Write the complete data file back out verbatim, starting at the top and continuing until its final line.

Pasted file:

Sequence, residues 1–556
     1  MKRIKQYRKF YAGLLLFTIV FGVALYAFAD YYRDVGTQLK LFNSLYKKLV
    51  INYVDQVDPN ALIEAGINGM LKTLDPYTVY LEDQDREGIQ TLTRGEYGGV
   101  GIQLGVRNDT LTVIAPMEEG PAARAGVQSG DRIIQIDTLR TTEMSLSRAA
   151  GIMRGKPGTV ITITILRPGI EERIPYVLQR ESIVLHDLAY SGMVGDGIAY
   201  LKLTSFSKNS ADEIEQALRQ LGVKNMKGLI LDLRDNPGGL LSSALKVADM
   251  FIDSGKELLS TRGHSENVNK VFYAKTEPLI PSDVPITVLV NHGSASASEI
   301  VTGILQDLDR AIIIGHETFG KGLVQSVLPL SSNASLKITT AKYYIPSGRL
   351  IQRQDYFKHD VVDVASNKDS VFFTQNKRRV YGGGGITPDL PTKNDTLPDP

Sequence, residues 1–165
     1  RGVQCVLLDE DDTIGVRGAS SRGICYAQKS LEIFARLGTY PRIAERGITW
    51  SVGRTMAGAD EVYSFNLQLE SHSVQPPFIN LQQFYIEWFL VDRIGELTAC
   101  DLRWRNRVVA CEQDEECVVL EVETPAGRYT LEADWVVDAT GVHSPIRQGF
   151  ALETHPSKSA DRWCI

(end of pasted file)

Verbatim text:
Sequence, residues 1–556
     1  MKRIKQYRKF YAGLLLFTIV FGVALYAFAD YYRDVGTQLK LFNSLYKKLV
    51  INYVDQVDPN ALIEAGINGM LKTLDPYTVY LEDQDREGIQ TLTRGEYGGV
   101  GIQLGVRNDT LTVIAPMEEG PAARAGVQSG DRIIQIDTLR TTEMSLSRAA
   151  GIMRGKPGTV ITITILRPGI EERIPYVLQR ESIVLHDLAY SGMVGDGIAY
   201  LKLTSFSKNS ADEIEQALRQ LGVKNMKGLI LDLRDNPGGL LSSALKVADM
   251  FIDSGKELLS TRGHSENVNK VFYAKTEPLI PSDVPITVLV NHGSASASEI
   301  VTGILQDLDR AIIIGHETFG KGLVQSVLPL SSNASLKITT AKYYIPSGRL
   351  IQRQDYFKHD VVDVASNKDS VFFTQNKRRV YGGGGITPDL PTKNDTLPDP

Sequence, residues 1–165
     1  RGVQCVLLDE DDTIGVRGAS SRGICYAQKS LEIFARLGTY PRIAERGITW
    51  SVGRTMAGAD EVYSFNLQLE SHSVQPPFIN LQQFYIEWFL VDRIGELTAC
   101  DLRWRNRVVA CEQDEECVVL EVETPAGRYT LEADWVVDAT GVHSPIRQGF
   151  ALETHPSKSA DRWCI